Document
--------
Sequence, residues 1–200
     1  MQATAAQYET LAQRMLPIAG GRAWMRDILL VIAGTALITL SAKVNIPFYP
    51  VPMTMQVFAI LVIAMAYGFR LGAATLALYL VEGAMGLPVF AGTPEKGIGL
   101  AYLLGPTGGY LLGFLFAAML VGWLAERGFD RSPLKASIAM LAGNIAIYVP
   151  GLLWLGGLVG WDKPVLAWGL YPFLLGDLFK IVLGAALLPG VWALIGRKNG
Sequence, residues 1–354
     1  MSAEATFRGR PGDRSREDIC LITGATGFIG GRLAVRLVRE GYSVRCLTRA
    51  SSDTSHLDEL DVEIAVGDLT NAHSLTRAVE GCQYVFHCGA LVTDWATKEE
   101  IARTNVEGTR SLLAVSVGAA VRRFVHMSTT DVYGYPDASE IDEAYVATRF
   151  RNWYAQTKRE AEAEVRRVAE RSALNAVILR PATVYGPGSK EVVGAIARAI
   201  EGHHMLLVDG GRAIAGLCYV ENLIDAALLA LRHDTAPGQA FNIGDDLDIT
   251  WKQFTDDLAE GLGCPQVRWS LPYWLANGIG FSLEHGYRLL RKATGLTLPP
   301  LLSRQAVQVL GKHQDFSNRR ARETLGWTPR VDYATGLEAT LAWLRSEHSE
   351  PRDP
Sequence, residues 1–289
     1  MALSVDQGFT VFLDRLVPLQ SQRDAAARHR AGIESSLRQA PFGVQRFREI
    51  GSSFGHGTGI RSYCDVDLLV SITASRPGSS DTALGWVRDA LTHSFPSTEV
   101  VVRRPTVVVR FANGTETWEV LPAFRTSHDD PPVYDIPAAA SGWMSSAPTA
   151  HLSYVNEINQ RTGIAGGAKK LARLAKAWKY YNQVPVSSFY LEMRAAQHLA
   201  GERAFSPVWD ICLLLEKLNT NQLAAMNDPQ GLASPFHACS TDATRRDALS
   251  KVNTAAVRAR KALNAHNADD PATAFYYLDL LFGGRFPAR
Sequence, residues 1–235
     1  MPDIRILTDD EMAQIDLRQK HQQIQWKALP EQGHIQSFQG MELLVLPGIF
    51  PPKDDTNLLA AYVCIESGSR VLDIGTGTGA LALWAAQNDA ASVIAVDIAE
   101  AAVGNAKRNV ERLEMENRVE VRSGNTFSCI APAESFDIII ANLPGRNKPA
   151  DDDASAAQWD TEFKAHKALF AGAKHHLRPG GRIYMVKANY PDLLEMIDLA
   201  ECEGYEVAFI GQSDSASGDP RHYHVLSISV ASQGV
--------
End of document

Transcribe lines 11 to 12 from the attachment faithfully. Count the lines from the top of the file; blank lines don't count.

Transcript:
   201  EGHHMLLVDG GRAIAGLCYV ENLIDAALLA LRHDTAPGQA FNIGDDLDIT
   251  WKQFTDDLAE GLGCPQVRWS LPYWLANGIG FSLEHGYRLL RKATGLTLPP